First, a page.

Saturday, April 10, 2021

HOMILY – 2nd Sunday of Easter – Go!


Jesus is commissioning his disciples this weekend to Go!

In this Gospel passage, we find the disciples hiding out in the upper room from those who killed Jesus, afraid of their own fates, when Jesus appears and says, “Peace be with you.”  And everything changes.

This is the launching of the Great Commission in John’s Gospel. The Great Commission is as important to our faith now as it was then or is to our future, because without it our faith would wither and die, instead of thriving and blossoming as it has for nearly two thousand years.

Just what is the Great Commission?

It’s OK if you don’t know. A survey in 2019 found a majority of Church going Christians in the U.S. were unfamiliar with the term. Even those who knew the term, only a small percentage could explain it.

The Great Commission is not about proselytizing, but about evangelizing – preaching more with our actions as Christians than with our words.

The Great Commission is found in all four Gospels and even has a place in Acts of the Apostles.

           This version in John’s Gospel doesn’t have the same impact as ones found in Mark’s or Matthew’s Gospels.

In John, Jesus said, “As the Father has sent me, so I send you.”  

That’s not as strong a definition as is found in Mark’s Gospel, “as the eleven were at table, he appeared to them and rebuked them for their unbelief and hardness of heart because they had not believed those who saw him after he had been raised. He said to them, “Go into the whole world and proclaim the gospel to every creature.

          But the best version (the Hollywood movie-ending version) is found at the very end of Matthew’s Gospel, when Jesus said, “All authority in heaven and on earth has been given to me. Go, therefore, and make disciples of all nations, baptizing them in the name of the Father, and of the Son, and of the Holy Spirit, and teaching them to observe all that I have commanded you. And behold, I am with you always, until the end of the age.”

In essence, Jesus is saying, “You, me, let’s go! We have work to do, and it’s urgent! Join me!”

How many of us live this Great Commission daily?

So, what exactly are we called to do?  I love what New Testament scholar and former Anglican Bishop N.T. Wright said about the mission at the heart of the Great Commission.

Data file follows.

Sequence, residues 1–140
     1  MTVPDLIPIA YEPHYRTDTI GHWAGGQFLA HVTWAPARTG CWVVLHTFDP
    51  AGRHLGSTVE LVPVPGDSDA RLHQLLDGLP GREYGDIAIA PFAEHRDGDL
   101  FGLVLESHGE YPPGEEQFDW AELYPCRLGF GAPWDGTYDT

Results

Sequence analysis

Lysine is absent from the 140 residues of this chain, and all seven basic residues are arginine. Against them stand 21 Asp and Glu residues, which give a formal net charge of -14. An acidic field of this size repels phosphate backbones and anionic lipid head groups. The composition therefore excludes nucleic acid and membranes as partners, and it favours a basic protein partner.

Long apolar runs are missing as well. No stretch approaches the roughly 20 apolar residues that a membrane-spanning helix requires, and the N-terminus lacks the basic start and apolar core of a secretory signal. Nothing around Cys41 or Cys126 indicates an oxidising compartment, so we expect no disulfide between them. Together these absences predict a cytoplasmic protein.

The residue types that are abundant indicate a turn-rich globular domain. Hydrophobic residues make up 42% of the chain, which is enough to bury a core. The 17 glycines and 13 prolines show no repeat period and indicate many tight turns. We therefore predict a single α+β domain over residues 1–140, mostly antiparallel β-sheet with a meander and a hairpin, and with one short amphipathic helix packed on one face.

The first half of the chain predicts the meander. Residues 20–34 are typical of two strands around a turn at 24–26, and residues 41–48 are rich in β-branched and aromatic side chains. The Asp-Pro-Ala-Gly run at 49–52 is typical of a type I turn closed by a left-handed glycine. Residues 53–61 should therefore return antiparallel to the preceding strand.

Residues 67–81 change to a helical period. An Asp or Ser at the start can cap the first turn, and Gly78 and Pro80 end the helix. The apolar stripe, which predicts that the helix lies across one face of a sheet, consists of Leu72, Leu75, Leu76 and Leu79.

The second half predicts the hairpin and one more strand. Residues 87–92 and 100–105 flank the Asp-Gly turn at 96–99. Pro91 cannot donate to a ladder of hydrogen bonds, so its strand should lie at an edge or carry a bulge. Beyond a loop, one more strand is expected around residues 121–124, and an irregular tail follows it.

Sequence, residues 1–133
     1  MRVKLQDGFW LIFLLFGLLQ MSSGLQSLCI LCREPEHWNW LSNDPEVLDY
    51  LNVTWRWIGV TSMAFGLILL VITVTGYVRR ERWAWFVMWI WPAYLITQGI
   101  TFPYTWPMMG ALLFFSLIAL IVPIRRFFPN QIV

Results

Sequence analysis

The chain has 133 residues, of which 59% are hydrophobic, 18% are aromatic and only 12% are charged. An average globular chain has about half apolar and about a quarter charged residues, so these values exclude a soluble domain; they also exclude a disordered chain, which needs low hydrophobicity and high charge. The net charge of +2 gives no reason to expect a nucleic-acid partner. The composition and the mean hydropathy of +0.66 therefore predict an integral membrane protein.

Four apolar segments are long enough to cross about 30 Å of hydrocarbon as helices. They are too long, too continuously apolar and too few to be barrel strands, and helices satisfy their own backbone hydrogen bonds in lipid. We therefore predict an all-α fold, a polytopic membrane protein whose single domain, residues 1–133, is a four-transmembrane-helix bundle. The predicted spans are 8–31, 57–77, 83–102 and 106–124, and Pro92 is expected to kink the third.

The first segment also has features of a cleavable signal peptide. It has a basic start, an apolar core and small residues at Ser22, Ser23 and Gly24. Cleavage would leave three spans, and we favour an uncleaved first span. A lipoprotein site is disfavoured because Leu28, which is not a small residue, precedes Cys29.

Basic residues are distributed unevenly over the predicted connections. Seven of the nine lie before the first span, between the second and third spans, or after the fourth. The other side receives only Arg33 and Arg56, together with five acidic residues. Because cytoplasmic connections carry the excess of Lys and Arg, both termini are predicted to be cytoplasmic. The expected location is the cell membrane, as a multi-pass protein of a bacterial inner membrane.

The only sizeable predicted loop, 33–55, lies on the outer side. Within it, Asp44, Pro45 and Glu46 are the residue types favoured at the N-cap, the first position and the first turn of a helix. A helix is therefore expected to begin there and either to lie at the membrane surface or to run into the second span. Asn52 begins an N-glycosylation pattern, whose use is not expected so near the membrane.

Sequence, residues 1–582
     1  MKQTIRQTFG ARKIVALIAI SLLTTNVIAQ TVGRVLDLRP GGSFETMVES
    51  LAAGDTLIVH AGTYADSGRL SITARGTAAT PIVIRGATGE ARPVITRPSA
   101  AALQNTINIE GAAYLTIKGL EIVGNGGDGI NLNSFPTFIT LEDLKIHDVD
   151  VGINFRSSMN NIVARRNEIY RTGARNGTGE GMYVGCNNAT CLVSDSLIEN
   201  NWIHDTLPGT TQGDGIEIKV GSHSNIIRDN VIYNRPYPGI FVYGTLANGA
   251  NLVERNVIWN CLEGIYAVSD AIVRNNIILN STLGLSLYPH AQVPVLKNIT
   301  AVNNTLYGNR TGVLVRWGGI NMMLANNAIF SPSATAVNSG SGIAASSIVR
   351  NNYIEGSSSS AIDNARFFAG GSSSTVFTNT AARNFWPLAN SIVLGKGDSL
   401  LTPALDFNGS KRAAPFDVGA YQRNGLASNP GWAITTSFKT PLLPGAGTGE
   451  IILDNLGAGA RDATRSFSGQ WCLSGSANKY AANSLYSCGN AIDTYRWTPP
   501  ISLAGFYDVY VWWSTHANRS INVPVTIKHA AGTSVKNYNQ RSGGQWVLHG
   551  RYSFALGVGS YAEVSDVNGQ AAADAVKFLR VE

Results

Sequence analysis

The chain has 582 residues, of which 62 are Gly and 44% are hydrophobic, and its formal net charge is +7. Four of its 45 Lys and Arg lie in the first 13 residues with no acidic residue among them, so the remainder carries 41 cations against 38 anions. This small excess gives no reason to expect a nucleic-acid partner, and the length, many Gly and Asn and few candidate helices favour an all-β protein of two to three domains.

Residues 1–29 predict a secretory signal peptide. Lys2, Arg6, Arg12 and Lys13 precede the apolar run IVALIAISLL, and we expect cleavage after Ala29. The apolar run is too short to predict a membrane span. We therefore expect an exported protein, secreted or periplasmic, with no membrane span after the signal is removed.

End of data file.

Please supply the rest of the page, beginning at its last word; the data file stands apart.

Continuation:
“Every act of love, gratitude, and kindness; … every minute spent teaching a severely handicapped child to read or to walk; every act of care and nurture, of comfort and support, for one’s fellow human beings and for that matter one’s fellow nonhuman creatures; and of course every prayer, all Spirit-led teaching, every deed that spreads the Gospel, builds up the church, embraces and embodies holiness rather than corruption, and makes the name of Jesus honored in the world — all of this will find its way, through the resurrecting power of God, into the new creation that God will one day make. This is the logic of the mission of God.”

We, my sisters and brothers, are co-missioned in this mission of love from God. That is the Great Commission.

How appropriate this passage comes as we begin baptizing new members of the Church during the Easter season after a short Lenten break.

It all started with our baptism. Through water and the spirit, we were commissioned to join Jesus is this mission of love in the world. We were sealed with Sacred Chrism to become priests, prophets and kings, sharing Jesus with the world.

In many ways, what we do today is different than what the apostles did. Or the early Christian disciples.

After their encounter with the Risen Jesus, the apostles gave up everything and walked to far way lands to share the message of the resurrection of Jesus. Most lost their lives during their Great Commission.

The early Christian disciples pooled their resources together to build up a community of followers of Jesus who daily joined in the Great Commission.

We hear how they lived in today’s first reading from Acts of the Apostles:

“The community of believers was of one heart and mind, and no one claimed that any of his possessions was his own, but they had everything in common… There was no needy person among them…”

In our culture today, some would decry, “That’s Socialism!” But that is how the early Christians lived, endured, even thrived during a time of great oppression and persecution.

How many of us could live like that today? How many of us are brave enough and committed enough to follow Jesus in this way? How many of us are that generous? Something to ponder in the coming week.

I have a new ear worm. That’s what the young people call a song that gets stuck in your head. My new favorite song is from singer Bruce Springsteen, called, “There Goes My Miracle.”

In it, he sings,

“Heartache, heartbreak

Love gives, love takes

The book of love holds its rules

Disobeyed by fools

Disobeyed by fools

There goes my miracle

Walking away, walking away”

So, do we let our miracle, Jesus Christ, just walk away?

           Or do we go! And follow him in the Great Commission? 

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